Harris County Sports Authority Board Chairman J. Kent Friedman is not concerned that the Sports Authority has had to dip into its cash reserves for the first time in order to make a debt service payment on the junk debt it issued to finance construction of Reliant Stadium:
Friedman said paying off a 30-year mortgage in five years could produce a windfall.
"The savings on that is staggering" as the authority avoids years of interest payments, Friedman said. "The Sports Authority, and, by extension, the community, will be a lot better off if we can pay these bonds off early."
Which raises the question that, if such is the case, why did the Sports Authority finance the bonds over 30 years in the first place?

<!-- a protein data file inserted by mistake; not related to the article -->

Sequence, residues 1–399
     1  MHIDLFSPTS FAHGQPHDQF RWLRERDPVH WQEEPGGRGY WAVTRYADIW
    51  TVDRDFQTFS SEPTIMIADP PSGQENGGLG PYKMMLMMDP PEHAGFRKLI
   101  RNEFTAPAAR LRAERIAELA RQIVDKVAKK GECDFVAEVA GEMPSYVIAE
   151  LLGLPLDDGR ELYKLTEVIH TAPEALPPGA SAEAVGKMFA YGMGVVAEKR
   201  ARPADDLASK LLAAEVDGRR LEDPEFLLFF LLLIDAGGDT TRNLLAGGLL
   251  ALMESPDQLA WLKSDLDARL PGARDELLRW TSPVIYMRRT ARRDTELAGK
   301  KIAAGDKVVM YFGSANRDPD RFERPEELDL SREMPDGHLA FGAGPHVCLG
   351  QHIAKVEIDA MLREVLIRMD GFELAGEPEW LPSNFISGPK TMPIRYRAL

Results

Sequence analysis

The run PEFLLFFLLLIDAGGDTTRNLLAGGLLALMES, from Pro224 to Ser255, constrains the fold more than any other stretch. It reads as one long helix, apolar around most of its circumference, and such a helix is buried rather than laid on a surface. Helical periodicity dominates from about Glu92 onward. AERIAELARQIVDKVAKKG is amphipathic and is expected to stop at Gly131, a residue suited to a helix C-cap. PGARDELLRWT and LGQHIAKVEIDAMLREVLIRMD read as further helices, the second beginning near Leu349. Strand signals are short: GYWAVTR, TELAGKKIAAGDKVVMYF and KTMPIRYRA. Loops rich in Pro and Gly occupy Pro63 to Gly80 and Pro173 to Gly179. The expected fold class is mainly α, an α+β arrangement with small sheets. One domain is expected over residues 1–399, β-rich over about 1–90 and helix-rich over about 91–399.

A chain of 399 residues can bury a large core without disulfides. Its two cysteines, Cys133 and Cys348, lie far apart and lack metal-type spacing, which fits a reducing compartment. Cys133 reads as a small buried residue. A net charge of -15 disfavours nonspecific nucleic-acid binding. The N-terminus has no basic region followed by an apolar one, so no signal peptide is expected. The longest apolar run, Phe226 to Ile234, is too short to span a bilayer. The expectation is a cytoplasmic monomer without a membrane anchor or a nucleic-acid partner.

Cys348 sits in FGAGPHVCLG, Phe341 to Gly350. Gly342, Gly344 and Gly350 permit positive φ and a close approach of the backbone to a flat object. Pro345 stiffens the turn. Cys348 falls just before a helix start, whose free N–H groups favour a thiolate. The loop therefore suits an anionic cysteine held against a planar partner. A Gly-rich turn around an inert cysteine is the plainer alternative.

What’s most interesting about this situation is the change that it reflects in regard to public financing of stadiums. JP Morgan Chase has evaluated the situation and concluded that tax revenues dedicated to the bonds are so risky in the future that it is better off forcing the Sports Authority to dip into reserves and pay off the bonds in five years.
Could the fact that Harris County continues to dither over the mothballed Astrodome – which still is subject to over $30 million in bond indebtedness – have something to do with JP Morgan Chase’s decision?
Or is JP Morgan Chase simply hedging its risk regarding another bubble?